Oberlin Blogs

Experiments with Caffeine

October 12, 2012

Eleanor Bronder-Major ’15

I made it through my freshman year of college and all of high school without consuming any caffeine.

Over the summer, I consumed my first caffeinated beverage; it was a diet Coke with lime, and I only drank it because someone left it in one of the rental houses (left a whole case of them, actually) I was cleaning. It was a Saturday (for those not in the know, this is changeover day, at least for cleaning companies on the Cape) which meant that we started an hour earlier than usual and worked until late afternoon. A usual day started at 9 and ended at about 2:30; on Saturdays, I got to work at 8 and worked as late as 6. There's also a lot more pressure on Saturdays, mostly because we're doing a different kind of cleaning. On weekdays, the emphasis is often more on doing a thorough job; two people might take an hour and a half or two hours on a two-bedroom house. On Saturdays, you really have to get houses done in under an hour (some people can do a rental house in half an hour), and there are more of them. For the person driving (which was usually me) this puts an additional load on your mind: you have to find your way from house to house without getting lost or putting too many dings in the car.

I felt relatively unconflicted about drinking caffeine in these circumstances. In fact, maybe I should clarify why I would even consider feeling conflicted in the first place. As a person who has never really been able to fall asleep in under an hour, I was extremely worried, as a child and then as a teenager, that caffeine would keep me up all night (my fears were probably justified, if not on chemical grounds then on psychological ones). When I finished working on a Saturday, though, I felt like death. We were working fast, so I never stopped for lunch; I had to get up at 6:30 in order to bike to work. By the end of the day, my symptoms were positively flu-like. Fortunately, I had Sundays off, so I could sleep in. Caffeine took the edge off, allowing me to get through the day and get home before I collapsed. I never had any trouble sleeping after changeover days.

Caffeine use during the school year caused me more trepidation. I'm not taking a particularly heavy course load this semester, and I'm not working very many shifts in CDS. There's no good reason I should need caffeine to get through the day. I should be able to just focus, right? Just get my work done before midnight? It's all stuff I like to do, after all: reading, interpreting, writing about it.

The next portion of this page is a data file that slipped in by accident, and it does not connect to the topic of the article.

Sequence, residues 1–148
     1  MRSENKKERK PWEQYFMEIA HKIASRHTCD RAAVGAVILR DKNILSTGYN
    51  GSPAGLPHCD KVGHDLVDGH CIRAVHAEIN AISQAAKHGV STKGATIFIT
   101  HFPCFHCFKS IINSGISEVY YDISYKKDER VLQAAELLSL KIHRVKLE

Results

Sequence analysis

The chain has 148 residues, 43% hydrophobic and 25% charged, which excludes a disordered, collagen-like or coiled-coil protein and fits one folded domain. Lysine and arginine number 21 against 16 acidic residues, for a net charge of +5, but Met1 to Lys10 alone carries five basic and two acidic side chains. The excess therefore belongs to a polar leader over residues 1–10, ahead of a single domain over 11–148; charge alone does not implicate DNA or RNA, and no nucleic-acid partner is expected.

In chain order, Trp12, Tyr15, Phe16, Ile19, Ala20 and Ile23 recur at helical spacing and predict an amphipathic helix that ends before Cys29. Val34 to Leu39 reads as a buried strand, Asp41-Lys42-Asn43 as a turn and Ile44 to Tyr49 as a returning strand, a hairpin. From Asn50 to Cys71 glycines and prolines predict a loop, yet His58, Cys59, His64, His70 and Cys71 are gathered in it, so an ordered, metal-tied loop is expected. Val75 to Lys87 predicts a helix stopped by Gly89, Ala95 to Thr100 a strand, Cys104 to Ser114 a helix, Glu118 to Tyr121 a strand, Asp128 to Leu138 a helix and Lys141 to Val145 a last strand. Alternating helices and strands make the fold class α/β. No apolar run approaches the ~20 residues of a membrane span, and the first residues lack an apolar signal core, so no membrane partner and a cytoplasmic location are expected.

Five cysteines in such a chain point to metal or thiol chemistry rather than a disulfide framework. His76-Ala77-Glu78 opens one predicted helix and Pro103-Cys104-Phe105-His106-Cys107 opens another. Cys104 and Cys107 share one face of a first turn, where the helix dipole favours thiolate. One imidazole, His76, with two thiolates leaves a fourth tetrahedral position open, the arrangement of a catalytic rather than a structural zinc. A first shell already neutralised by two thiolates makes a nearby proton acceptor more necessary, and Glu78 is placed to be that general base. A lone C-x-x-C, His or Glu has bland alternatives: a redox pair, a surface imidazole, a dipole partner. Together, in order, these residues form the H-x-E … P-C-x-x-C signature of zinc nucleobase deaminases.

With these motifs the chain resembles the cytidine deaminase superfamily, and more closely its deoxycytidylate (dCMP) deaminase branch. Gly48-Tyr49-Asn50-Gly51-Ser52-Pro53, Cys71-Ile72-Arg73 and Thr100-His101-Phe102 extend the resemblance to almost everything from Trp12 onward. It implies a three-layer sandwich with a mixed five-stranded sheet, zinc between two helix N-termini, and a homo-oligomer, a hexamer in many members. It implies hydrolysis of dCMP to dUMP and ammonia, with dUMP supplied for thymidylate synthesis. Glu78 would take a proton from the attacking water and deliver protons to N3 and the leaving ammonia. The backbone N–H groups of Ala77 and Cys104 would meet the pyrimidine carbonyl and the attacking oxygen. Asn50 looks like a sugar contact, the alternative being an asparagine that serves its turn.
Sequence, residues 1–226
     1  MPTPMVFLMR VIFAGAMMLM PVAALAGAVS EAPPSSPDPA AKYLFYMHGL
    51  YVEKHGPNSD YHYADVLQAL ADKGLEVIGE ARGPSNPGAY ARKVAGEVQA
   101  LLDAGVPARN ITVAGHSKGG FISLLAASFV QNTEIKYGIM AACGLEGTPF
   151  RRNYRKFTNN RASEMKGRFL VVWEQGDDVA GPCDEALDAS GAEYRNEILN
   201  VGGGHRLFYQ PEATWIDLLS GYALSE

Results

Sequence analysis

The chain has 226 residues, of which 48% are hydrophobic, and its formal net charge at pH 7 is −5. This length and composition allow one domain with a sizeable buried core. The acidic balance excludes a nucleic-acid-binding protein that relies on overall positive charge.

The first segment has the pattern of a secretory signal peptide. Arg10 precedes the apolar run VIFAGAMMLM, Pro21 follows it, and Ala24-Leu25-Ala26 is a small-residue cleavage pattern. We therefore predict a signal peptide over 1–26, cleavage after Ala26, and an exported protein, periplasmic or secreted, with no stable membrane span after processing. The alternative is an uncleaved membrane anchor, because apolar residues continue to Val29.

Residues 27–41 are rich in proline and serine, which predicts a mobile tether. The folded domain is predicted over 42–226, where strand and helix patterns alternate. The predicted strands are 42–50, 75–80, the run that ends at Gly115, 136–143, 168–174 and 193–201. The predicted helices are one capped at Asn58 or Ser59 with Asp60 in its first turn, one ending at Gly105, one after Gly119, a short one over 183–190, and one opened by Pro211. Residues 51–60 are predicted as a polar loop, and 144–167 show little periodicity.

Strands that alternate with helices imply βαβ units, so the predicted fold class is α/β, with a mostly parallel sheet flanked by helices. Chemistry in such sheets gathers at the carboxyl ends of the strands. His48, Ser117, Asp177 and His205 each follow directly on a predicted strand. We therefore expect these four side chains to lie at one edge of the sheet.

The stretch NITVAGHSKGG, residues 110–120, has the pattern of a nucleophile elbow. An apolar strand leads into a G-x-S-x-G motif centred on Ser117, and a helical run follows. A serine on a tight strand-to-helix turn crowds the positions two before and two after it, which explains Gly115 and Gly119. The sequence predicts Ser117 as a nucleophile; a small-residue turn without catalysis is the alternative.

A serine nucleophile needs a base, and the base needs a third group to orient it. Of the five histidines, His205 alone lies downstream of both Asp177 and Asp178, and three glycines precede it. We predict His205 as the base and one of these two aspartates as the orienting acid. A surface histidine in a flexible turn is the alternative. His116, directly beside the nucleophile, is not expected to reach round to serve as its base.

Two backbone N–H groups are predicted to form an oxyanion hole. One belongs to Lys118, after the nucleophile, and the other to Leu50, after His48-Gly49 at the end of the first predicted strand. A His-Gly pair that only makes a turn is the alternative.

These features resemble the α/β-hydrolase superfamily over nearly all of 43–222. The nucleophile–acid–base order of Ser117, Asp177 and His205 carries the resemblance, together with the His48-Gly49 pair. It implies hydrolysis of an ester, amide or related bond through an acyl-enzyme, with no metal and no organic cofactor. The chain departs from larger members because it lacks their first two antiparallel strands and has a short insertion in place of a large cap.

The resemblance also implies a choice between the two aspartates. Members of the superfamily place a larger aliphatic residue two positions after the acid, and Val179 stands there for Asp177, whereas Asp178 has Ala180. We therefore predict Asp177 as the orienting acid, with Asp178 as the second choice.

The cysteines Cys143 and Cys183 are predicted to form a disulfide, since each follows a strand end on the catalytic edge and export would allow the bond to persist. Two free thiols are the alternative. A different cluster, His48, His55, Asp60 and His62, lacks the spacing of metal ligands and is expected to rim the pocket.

It's just that I'd like to focus more, and better, and get myself to stop watching Netflix1 occasionally in order to get my readings done. It's not that I didn't get the work done, in the first month of school; it's just that it was an effort to sit down and do it. I see that I am being unclear. For illustration, I am going to use gifs from Grey's Anatomy, because I think it's kind of meta.

Here is my brain on six hours of sleep a night2 , without caffeine. There's really not much to say about this gif. It just perfectly represents my thought processes, in the sense that, when at three in the afternoon I sit down to write a paper on a poem by Keats, there is absolutely no rationality, focus, or coherence in my thought processes. Notice that, despite Christina Yang's somewhat spastic and unfocussed movements in this gif, there is no real movement or interaction with anything else (like, say, a poem by Keats). Is she trying to say something? No one will ever know.

This is my brain after consuming 20 ounces of something called "Mtn Dew." In this gif, the blonde-haired woman (Arizona Robbins) should be understood as the text, and the dark-haired woman (Callie Torres) should be understood as me. Notice that the text is standing still (or, in this case, sitting still) and presenting a beatific countenance that nonetheless suggests the presence of a multitude of complicated emotions that are just crying out to be interpreted. Note the grin on the face of the reader. This is how I usually feel about reading.

So what's next? Will I become completely dependent on caffeine to get through my day? I guess we'll find out, because midterms week is coming fast...

[1]On the one hand, I love Netflix; it helps me relax and keeps me from going totally crazy. On the other hand, when I'm too wrapped up in the emotional travails of the denizens of Seattle Grace Hospital to write that final draft of a paper, I curse the fact that I have access to streaming movies and TV at all.
[2] I'd also like to make a disclaimer that for many people--many college students--this is a totally wonderful and adequate amount of sleep. Apparently, my sleep needs are around ten hours a night, which is ridiculous, but I just wanted to establish that fact instead of letting you think that I am ungrateful for the relatively plentiful hours I am able to spend asleep.

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